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I have the choice to do either a pointer comparison or a strcmp. I know that the string is never longer than 8 characters and I'm targeting a 64 bit platform. will they perform equally well or will one of them be a better choice? I can imagine that this might differ between platforms and compilers, if so, I'd like to know the details about the platform/compiler specifics.



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up vote 5 down vote accepted

A pointer comparison will almost certainly be faster, as it is a single comparison of two pointers (possibly loading one or both into registers), whereas strcmp, even if inlined and the first bytes differ (best case) will require dereferencing both pointers. If strcmp isn't inlined then there's a function call and return, and if the first bytes don't differ (and aren't both NUL) then there are multiple dereferences.

For more insight into this, I suggest looking at the assembler output of your program using both methods.

Note: I'm assuming that your claim "I have the choice to do either a pointer comparison or a strcmp" is correct, which will only be the case if your strings are all known to have unique content.

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I think strcmp compares multiple characters (8 if 64bits) – perreal Jul 6 '13 at 7:02
@perreal Possible for memcmp, not possible for strcmp (unless the hardware has special instructions designed specifically for it). – Jim Balter Jul 6 '13 at 7:03
It can be done for strcmp() too, without special hardware support (on little-endian machines). – caf Jul 6 '13 at 9:53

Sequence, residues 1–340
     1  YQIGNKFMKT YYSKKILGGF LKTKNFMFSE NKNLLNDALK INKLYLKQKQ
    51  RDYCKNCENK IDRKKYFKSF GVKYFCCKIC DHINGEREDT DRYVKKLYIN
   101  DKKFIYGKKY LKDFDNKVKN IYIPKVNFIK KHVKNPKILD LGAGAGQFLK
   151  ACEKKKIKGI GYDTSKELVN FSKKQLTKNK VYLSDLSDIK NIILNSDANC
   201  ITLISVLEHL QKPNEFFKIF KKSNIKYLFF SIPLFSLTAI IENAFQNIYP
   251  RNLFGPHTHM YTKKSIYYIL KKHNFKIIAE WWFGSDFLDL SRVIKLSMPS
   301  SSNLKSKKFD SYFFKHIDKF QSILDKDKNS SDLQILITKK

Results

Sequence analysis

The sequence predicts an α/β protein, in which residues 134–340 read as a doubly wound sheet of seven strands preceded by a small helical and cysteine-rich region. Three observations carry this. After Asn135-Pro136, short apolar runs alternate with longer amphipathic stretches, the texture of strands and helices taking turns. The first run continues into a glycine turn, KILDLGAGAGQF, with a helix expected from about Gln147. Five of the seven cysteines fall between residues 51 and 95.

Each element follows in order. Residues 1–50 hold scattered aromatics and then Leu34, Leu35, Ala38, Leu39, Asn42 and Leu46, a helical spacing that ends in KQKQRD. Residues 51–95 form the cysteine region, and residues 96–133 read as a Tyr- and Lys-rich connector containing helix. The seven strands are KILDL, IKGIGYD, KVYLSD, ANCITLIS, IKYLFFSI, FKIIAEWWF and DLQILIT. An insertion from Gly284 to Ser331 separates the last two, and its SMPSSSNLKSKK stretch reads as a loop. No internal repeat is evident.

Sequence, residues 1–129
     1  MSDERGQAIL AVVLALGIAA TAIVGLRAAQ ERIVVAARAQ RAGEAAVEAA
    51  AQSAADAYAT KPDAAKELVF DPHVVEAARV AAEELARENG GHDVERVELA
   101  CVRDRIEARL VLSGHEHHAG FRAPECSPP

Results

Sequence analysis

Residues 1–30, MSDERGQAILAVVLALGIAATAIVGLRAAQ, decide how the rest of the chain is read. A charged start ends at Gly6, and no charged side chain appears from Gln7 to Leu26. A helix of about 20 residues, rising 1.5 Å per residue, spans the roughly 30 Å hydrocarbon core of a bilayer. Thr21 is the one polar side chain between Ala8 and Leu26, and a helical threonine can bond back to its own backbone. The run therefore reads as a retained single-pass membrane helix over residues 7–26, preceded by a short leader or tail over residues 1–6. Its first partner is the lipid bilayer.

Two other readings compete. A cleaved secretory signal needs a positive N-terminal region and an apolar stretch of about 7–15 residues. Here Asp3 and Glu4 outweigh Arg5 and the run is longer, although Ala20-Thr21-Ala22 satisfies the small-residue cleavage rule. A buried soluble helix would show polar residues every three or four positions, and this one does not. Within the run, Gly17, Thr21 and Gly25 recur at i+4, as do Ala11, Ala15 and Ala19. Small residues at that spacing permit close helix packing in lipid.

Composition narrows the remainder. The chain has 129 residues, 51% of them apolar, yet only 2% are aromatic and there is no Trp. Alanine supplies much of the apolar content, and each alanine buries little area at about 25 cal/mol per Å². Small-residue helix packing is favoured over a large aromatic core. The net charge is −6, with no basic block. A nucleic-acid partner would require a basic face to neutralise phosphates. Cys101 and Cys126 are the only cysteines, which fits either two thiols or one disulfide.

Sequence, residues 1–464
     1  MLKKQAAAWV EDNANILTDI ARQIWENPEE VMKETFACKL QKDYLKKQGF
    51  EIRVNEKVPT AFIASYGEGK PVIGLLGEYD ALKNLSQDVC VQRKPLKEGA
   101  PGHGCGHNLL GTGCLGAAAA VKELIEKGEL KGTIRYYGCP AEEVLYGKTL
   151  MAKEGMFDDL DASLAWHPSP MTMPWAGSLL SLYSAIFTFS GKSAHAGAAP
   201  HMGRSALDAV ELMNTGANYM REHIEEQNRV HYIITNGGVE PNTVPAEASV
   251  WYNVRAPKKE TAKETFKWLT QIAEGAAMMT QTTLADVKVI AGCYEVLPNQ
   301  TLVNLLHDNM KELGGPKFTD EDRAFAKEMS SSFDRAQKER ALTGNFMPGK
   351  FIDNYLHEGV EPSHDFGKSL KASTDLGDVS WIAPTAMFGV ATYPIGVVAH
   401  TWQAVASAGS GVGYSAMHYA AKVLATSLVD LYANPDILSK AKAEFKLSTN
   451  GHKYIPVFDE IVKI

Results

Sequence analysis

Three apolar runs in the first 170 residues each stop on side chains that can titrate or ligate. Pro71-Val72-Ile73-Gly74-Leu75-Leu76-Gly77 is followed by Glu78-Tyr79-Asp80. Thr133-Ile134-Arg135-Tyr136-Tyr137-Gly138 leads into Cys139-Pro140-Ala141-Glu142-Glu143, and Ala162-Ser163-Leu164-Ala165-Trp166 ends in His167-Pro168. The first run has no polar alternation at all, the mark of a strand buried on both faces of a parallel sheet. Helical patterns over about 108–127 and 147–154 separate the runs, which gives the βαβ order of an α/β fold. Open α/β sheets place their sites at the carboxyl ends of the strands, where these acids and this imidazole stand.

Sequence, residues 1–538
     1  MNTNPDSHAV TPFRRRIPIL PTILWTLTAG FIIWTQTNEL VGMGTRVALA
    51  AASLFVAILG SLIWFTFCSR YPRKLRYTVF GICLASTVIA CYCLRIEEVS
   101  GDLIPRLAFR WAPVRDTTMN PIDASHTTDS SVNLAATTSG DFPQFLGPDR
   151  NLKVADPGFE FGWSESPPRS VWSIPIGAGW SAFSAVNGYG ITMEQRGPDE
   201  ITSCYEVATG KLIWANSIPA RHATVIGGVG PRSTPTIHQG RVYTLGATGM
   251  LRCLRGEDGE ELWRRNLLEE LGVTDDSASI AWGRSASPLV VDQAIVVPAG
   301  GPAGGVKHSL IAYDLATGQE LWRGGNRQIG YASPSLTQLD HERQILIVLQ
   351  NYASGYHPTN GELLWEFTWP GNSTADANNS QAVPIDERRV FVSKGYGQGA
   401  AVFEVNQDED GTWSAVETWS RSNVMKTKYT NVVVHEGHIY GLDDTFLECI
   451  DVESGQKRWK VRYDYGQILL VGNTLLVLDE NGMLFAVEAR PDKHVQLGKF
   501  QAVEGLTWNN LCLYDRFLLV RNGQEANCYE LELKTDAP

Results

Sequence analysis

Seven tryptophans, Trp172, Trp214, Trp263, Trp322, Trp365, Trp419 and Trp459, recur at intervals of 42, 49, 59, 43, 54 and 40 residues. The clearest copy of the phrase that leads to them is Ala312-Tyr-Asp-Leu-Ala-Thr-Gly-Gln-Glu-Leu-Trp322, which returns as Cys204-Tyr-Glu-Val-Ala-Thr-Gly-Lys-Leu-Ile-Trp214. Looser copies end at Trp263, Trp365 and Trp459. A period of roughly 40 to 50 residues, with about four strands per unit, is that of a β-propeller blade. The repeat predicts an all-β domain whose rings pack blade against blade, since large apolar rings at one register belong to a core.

The first question should be: Is this comparison the critical path in my executable? If not, the performance question might be irrelevant, because the impact may be so minor that it doesn't matter.

Comparing the pointers is only a subset of strcmp, because you don't know if the stringvalue is the same if the happen to be in different memory locations. You may have to consider that, in your design.

A pointer comparison is certainly faster. However, if you have a guaruanteed string length of 8 bytes, you may compare the strings without strcmp and use a datatype that has an 8 byte length and can be compared directly. This way you have basically a similar speed as a pointer comparison AND also compare the strings as well. But of course, this would only be reliable if you make sure that all strings are 8 bytes, and if they are shorter, you fill the remainder with zeroes.

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The OP said "never longer than 8 characters", not "exactly 8 characters". And comparing the strings means two memory reads ... definitely not as fast as comparing the pointers. – Jim Balter Jul 6 '13 at 7:12
Yes, that why I mentioned that the string should be sure to be of 8 byte length. If this is indeed critical, that shouldn't be a problem. If not, it's still up to the programmer to decide this, but it might be worth mentioning. – Devolus Jul 6 '13 at 7:18

Two strings (even short ones of 8 char) can be equal but at different addresses, so comparing pointers is not the same as using strcmp.

But your application might do hash-consing or string-interning, that is have a canonical string (e.g. like Glib quarks)

And you should not bother that much about performance, unless you measure it. Notice that some compilers (with high-enough optimization levels) are able to optimize quite well strcmp calls.


If your strings are not real arbitrary strings but 8 bytes, you might declare them with a union (which the compiler will suitably align and perhaps optimize).

typedef union { 
    char eightbytes[8];
    int64_t sixtyfourbits;
} mytype_t;

then you might initialize

mytype_t foo = {.eightbytes="Foo"};

If you are sure that the strings are 0 byte padded (like the above initialization do; but if you heap allocate them, you need to zero them before filling e.g. with strncpy(p->eightbytes, somestring, 8) etc...), you could compare foo.sixtyfourbits == foo2.sixtyfourbits ... But I find such code exceedingly bad taste. If you really want to code this way, add a lot of explanatory comments. I believe that coding this way makes your code unreadable and unmaintainable, for a probably very tiny performance benefit.

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Try reading the question. – Jim Balter Jul 6 '13 at 6:54

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